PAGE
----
#28 – Frontier Airlines picks a fight, bad press hinders recruiting, & the surprising reason brands are buying Facebook ads
There are many bold frontiers in reputation management, insulting members of the media is not one of them!
Each week, Erin Jones and I take a look at the most interesting reputation management stories, answer your questions, and share valuable ORM tactics. In this week’s episode:
- Frontier Airlines picks a fight with a local TV anchor.
- A new survey reveals why a bad reputation can hurt your recruitment efforts.
- There’s a surprising reason why companies are spending more on Facebook ads.
If you have a question you would like us to tackle, please leave a comment below or on my Facebook Page.
Transcript (forgive us for any typos):
Andy Beal: We are back with another episode and once again, we’re talking about airlines, but instead of attacking passengers, Frontier Airlines has decided to attack local journalist and Erin has been keeping an eye on that story.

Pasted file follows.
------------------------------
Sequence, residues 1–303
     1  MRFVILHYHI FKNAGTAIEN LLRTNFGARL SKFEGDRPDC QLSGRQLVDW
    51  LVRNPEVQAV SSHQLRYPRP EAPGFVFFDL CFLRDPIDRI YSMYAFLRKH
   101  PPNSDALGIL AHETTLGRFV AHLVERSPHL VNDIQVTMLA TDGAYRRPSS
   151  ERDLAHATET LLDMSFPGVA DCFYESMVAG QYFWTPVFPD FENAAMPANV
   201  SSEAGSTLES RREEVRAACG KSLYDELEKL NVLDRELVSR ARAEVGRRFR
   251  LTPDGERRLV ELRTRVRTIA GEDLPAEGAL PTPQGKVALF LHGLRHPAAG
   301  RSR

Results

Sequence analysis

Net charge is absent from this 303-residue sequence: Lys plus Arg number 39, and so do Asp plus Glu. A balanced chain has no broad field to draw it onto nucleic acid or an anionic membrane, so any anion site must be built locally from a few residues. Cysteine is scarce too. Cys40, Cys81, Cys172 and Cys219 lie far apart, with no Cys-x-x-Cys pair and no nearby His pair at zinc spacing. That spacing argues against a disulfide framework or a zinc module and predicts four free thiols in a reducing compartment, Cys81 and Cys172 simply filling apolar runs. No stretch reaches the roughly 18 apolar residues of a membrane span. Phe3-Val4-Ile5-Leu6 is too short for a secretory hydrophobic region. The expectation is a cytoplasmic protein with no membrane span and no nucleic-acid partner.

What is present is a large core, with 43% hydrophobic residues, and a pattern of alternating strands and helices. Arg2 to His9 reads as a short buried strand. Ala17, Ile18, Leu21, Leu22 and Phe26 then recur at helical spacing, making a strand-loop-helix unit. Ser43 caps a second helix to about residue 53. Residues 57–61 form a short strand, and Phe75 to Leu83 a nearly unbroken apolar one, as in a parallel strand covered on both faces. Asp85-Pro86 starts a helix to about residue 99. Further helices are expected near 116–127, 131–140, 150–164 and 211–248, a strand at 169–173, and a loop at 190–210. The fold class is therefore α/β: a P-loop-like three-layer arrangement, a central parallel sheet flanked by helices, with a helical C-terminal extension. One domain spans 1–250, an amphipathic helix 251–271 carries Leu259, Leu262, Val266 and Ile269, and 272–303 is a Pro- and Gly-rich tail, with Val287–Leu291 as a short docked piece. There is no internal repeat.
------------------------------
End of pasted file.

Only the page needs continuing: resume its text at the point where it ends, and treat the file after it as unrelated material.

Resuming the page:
Erin Jones: Yes, a local news castor here in Denver named Kyle Clark made a joke on the air about … Frontier had a press presentation where they had two airline employees holding up a sign, and he just said, “Frontier saving money by using low level employees to hold up a banner instead of getting a sign holder.” Frontier didn’t think the joke was as funny as Kyle did, and they really took it and ran with it. Jim Faulkner is their head of corporate communications and he sent Kyle a scathing letter. You can find it on 9 News’ Home page but he told Kyle he was a jerk with short-mans disease, went so far as to insult his work photograph, asked if his golden retriever had died before the photo was takes. Kind of commented that he was a petulant child with low self-esteem, just kept going and going, calling him horrible names, just wrote this horribly unprofessional letter.
The morning after this all went live, because of course Kyle took it to the air immediately being the petulant child that he apparently is, and said, “I wasn’t attacking Frontier’s hard workers, I was attacking their executives and showing how little they’re valuing their underpaid employees,” and Jim no longer works for Frontier. He says that he had turned in his notice before the letter was written, but I’m guess that he’s probably having a pretty hard time finding employment now.